Embryo 'chatter' clues to fertility

By James Gallagher
Health and science reporter, BBC News

  • Published

The "chemical chatter" that determines whether an embryo can implant in the womb has been detailed by scientists.

It is important for the lining of the womb to know if an embryo is healthy before allowing it to implant, but how this is done was unclear.

A study by the universities of Southampton and Warwick has shown the amount of a chemical, trypsin, helps determine whether an embryo implants.

It is hoped the discovery will lead to new fertility treatments.

When a sperm fertilises an egg and begins to divide and grow, the process does not always go smoothly.

"A lot of embryos have chromosomal abnormalities so there must be a mechanism to stop a pregnancy," fertility scientist Prof Nick Macklon told the BBC.

"So the question is how does the endometrium [the lining of the uterus] detect the quality?"


Research to be presented at the Reproductive Biology conference at the University of Southampton shows chemicals given off by an early-stage embryo give the endometrium clues.

Trypsin seem to be critical. If the chemical is at the right level, then it changes the nature of womb to make it more inclined to accept the embryo. But if the levels are out, then the lining becomes stressed and less likely to accept.

Prof Macklon said: "With a good embryo then the good response is turned up to allow implantation, if there's a bad embryo then the endometrium responds to reject the embryo.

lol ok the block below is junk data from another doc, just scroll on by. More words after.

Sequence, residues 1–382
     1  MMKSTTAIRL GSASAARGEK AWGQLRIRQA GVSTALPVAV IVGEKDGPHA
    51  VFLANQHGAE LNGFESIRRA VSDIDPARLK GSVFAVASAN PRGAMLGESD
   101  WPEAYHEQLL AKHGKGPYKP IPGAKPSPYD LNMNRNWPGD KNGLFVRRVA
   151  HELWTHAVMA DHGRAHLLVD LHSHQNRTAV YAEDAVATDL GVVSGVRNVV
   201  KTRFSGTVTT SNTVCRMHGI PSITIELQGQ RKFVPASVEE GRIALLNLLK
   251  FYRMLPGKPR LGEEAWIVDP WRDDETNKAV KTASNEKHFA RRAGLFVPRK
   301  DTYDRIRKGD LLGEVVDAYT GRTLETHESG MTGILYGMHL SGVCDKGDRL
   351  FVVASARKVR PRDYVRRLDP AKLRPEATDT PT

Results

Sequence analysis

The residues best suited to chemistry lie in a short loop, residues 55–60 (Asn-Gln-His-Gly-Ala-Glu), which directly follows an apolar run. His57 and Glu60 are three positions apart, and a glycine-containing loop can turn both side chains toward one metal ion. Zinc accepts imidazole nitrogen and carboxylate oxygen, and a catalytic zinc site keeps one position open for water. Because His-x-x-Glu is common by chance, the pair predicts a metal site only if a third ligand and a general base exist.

"We've identified the pathways which signal this change and this has a big clinical context as implant failure is still the major cause of IVF failure."

Better odds

He said large numbers of couple had fertility problems and that he hoped breakthroughs in understanding how an embryo implanted successfully could improve the odds in IVF.

Monitoring the signals given off by an embryo could help choose which ones to implant during IVF, although this idea has not yet been tested.

It could also help to explain recurrent miscarriage, which in some cases has been linked to women being "super-fertile" and accepting embryos that should be rejected.

However, research will have to progress carefully as forcing a poor quality embryo to implant would lead to serious problems.

Prof Siobhan Quenby, who is also a spokeswoman for the Royal College of Obstetricians and Gynaecologists, said: "It's a really exciting mechanism, but the challenge is turning it into a treatment, I lie in bed at night thinking about how you would turn this into a treatment.

"It's beautiful science, but we're not there yet."

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